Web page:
The book that I am publishing is being proofread and indexed. I have not solved the horrendous computer problems, but I did come up with a series of workarounds that allowed me to reach this point. Today I need to call Adobe tech support and locate someone at a level I can talk to about this sequence of difficulties. If I can’t rely on this particular suite of software, I will have to close my publishing business. It’s that serious.
Yesterday I was thinking about how I have learned (over time, and the hard way) to come through things like this in one piece (more or less). As I pondered, I identified and articulated a few personal operating principles, one of which is in the form of a question. This list is not definitive, but it felt good to say to myself, "Yeah, that’s some of how I ratchet myself through the hardest days."
- Don’t worry about next week’s problems today. I do think about them, because I might come up with a solution, but worry doesn’t change anything. This principle was one of the hardest for me to discover. I used to think that if I was worrying, I was working. Not.
- Can I think of one more thing to try? This one is huge, and is what got the book to the stage that it’s at. I need to reiterate that I have neither located nor solved the software problems. Even after consulting a whole bunch of people who earn salaries solving problems like this. The problem isn’t critical to them. It is to me. So when it became obvious that help was not going to be forthcoming, I came up with, one more thing at a time, a set of workarounds that let me baby the file to this point. And this was after I’d spent more than a year coming up with "one more thing" ideas and trying them out . . . including "one more consultant," "one more tech support call," and so on. I thought I’d hit the end of the line. And then I thought of one more thing to try. . . . It led to partial success, and led to one more thing. . . .
- Take small steps, and keep going. Often when I think of the entire project I am engaged in, I become overwhelmed and paralyzed. This is actually a variant of #2: what is the one next step I need to take to keep this project moving? As long as the project is worthwhile, it’s okay if it takes a long time to finish. I just need to continue piling up the small tasks. I do, also, need a big-picture overview of where I’m going, but that’s the easy part. Sometimes the one next thing has to be focused on the horizon, rather than the object in front of me. A corollary of this is keeping the butt in the chair (or the paintbrush moving, or whatever) longer than I’d really like to. And that needs to be balanced by. . . .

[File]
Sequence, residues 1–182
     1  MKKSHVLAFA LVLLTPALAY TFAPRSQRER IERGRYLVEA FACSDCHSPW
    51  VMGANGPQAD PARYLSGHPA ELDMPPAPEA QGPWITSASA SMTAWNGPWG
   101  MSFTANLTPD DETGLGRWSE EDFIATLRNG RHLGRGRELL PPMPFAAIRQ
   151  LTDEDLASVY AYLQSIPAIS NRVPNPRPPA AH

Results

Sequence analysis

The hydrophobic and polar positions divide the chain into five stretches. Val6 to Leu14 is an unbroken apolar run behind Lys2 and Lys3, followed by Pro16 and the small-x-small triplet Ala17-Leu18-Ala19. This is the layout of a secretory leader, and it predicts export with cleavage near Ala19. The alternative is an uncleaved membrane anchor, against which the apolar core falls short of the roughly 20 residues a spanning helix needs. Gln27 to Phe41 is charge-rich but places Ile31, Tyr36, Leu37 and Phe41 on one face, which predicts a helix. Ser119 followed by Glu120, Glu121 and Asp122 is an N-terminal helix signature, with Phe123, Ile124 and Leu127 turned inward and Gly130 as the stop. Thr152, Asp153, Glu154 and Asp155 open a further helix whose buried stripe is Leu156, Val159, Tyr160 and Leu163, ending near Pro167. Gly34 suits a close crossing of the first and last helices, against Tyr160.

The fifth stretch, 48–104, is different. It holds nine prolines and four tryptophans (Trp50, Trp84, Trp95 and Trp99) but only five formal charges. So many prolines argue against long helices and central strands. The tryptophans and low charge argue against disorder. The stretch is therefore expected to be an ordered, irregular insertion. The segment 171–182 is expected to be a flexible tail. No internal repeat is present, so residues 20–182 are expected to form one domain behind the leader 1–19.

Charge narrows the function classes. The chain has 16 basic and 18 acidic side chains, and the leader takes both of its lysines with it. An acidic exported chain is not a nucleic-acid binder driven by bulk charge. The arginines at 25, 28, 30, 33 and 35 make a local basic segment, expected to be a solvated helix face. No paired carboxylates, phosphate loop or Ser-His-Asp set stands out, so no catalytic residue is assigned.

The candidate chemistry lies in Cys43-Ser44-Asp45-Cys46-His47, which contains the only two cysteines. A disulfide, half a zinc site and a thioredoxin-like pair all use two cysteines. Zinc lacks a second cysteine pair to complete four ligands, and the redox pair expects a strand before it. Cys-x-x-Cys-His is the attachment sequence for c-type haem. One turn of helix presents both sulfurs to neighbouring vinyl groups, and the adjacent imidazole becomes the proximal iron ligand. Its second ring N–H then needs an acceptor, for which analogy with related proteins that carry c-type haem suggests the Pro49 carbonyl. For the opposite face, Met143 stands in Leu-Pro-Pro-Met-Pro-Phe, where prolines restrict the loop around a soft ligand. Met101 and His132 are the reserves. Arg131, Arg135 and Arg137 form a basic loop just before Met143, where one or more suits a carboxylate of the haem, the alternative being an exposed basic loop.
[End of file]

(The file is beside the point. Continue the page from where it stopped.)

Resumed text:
- Do something else for a while. This, too, took me a looooooong time to figure out. Sometimes focusing on the same problem for too long produces tunnel vision, and sometimes a solution will only come with time and a bit of relaxation. As the people who know me are aware, I’m never at a loss for potential other projects. The trick in my life is keeping the number of interesting endeavors large enough to provide variety and small enough that many of them do actually get completed. It’s also important to come back to the original issue, not just escape it.
Speaking of such things, I’ll have a few more photos from the weekend as soon as I can write something to go with them. At the moment, I have a couple of knitting reports.
I have been wearing the Must Have Cardigan (heavily modified in the stitch-pattern department) without buttons since August 11. I took it with me on the road trip to Washington, thinking I would locate buttons en route, and then it was chilly, I needed another layer, it was there. And I didn’t connect with buttons anywhere during that adventure. The sweater works, so I’ve continued to wear it almost daily, buttonless. But last week, I attached a quick button-quest to another errand:
And I’m continuing to knit on the "not sure what it will be" Socks That Rock project in Rook-y. I’ve been corrected about the source of the yarn. I said earlier that it was given to me; I’m told that it was a trade for consultations I’d offered. Works for me. It’s lovely, fun to knit with, and the project I think I am making seems to be working. It’s no longer a rectangle.
I love the way the colors are showing up. You’d see that in a sock, of course, but I am greatly enjoying the color variations on a larger canvas.
The big question I had in embarking on the idea I’m trying is whether I’d have enough yarn. There’s enough for two socks. But is there enough for what I have in mind? I could get all scientific about it, but I’d rather knit (and even rip) than do a bunch of calculations right now (all my calculation-energy has been going into solving technical problems with Adobe software). So I did baseline math and then cast on.
I’m making the largest piece first, then weighing the yarn-used and comparing to yarn-left. Looking promising. The little lace panel on the left does match the one on the right when it’s stretched out. The yarn-overs on that side just close up a bit more while the work’s in progress.
This is one of the current activities that gives me a sense of accomplishment to balance out the sense of frustration with the computer challenges. (We’re actually beyond challenges here, but I’m defining them that way for my own peace of mind, or in order to salvage a piece of my mind, or something.)
Because I knit, I will probably not yell at whoever I get on the line at Adobe.
No, I don’t want to call. If I’d fixed the underlying situation, I wouldn’t have to. I do want to continue publishing knitting books. In order to do that, I need to make this call.
Then: the one next thing.